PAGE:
In contrast however, one of the most popular advice novels of the mid nineteenth century, Mrs. Beeton's Book of Household Management states 'visiting the houses of the poor is the only practical way really to understand the actual state of each family in large citiesâ€¦large advantages may result from visits paid to the poor,' suggesting the lines that were considered respectable were blurred. It is possible that the acceptability of philanthropy changed over time which would explain why there is no mention of charitable work in Pride and Prejudice but in Jane Eyre she is sent to the Lowood Charity School which is run by women and becomes a governess at the school herself. However, it must be noted that the school is run by spinsters, not married women, and that upon marriage the headmistress Miss Temple, leaves Lowood to fulfill her function as the angel at home. Therefore it is possible that respectability of women philanthropists was only if the women were unmarried spinsters or widows and that for married women the respectable position was as the angel of the home. Indeed Elizabeth marries Darcy and settles down to a domestic life and Jane inherits a fortune enabling her to marry Rochester and nurse and care for him - despite the heroine's earlier feisty characters and Jane Eyre's previous work as a governess. Mrs. Beeton claims 'the modest virgin, the prudent wife and the careful matron are much more serviceable in life than petticoated philanthropy, blundering heroines or virago queens,'   and many advice novels for women, regarding philanthropy, were published during the period such as Samuel Smile's Self Help to guide women as to what was considered respectable.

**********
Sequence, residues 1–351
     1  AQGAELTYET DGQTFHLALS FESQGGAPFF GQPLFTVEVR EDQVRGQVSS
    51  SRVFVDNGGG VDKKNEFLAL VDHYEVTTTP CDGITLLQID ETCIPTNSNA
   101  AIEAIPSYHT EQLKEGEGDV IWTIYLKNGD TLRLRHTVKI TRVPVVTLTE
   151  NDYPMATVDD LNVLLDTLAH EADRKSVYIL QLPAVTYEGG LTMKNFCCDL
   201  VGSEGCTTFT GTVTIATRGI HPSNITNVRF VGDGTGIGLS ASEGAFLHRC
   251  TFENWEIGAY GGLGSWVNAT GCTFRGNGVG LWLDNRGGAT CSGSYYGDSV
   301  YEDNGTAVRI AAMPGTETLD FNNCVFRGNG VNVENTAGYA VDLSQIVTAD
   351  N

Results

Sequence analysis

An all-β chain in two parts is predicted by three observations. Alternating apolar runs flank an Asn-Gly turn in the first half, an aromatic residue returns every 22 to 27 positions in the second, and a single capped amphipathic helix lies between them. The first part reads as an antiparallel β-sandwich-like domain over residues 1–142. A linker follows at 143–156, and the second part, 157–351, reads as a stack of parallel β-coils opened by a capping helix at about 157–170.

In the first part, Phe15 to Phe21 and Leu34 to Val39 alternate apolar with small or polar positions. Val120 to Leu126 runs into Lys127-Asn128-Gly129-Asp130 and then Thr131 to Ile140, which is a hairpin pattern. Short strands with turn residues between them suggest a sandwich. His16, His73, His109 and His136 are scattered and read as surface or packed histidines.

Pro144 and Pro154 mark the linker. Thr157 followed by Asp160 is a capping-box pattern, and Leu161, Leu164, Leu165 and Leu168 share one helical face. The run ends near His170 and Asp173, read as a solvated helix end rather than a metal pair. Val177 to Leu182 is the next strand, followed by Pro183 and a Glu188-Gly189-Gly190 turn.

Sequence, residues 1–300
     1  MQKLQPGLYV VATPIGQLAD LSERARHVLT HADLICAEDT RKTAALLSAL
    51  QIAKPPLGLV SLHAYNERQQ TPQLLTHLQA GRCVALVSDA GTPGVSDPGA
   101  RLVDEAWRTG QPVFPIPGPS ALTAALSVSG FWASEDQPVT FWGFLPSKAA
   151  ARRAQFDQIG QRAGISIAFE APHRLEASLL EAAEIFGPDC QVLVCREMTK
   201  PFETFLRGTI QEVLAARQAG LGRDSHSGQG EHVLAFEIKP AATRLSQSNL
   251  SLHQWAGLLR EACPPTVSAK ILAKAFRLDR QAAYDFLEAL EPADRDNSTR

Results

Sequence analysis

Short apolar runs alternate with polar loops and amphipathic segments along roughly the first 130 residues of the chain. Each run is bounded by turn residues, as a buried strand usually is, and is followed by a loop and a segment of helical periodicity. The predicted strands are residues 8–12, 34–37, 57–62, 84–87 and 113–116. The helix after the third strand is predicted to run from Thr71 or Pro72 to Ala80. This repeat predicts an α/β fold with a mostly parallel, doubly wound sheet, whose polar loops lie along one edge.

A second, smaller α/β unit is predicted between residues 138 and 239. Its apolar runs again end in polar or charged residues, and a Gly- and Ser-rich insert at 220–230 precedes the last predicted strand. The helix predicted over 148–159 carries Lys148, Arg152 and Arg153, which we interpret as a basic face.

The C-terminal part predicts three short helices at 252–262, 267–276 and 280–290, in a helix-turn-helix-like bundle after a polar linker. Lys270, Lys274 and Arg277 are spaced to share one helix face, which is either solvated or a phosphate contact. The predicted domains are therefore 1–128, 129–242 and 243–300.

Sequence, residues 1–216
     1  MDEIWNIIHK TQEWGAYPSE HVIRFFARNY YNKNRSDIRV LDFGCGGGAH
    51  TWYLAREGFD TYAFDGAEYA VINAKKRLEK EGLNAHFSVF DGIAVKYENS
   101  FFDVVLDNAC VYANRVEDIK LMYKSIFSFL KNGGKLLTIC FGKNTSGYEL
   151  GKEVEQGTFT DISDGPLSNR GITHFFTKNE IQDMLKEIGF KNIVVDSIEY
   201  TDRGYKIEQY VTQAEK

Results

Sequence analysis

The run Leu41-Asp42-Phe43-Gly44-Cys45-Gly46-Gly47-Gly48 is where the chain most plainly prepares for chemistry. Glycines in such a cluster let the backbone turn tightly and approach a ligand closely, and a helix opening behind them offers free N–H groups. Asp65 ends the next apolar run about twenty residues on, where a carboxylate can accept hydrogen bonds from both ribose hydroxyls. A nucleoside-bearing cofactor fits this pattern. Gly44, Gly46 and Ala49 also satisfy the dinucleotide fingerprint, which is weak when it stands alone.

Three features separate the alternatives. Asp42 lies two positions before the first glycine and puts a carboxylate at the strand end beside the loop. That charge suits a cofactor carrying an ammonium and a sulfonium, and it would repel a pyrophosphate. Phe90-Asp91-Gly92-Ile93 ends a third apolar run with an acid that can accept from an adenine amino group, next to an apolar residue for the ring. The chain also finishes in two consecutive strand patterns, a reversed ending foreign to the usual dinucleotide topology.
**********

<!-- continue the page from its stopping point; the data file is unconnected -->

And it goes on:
Many of the eighteenth century moralists, such as Moore and Cowper, described femininity as innate, they also insisted that feminine virtues needed constant cultivation  and that important characteristics were needed in women for her to be 'the angel of the house.' This term, coming from Coventry Patmore's popular poem, describes these virtues, of his wife, as "a strange beauty with extreme innocence of manner",  Patmore wrote of the purity of a brides blush, "when she says, I will, into she knows not what". Sexual innocence was an essential quality for the respectable middle class woman. This explains Elizabeth Bennett's embarrassment, in Pride and Prejudice, at her sister's, Lydia and Kitty, behaviour, they "are always running off after the officers of the militia stationed at Meryton".  
This is also the reason why Lydia Bennett must be married to Mr. Wickham, whom she elopes with, despite his bad character and poor wealth, because otherwise she would never be accepted in society again.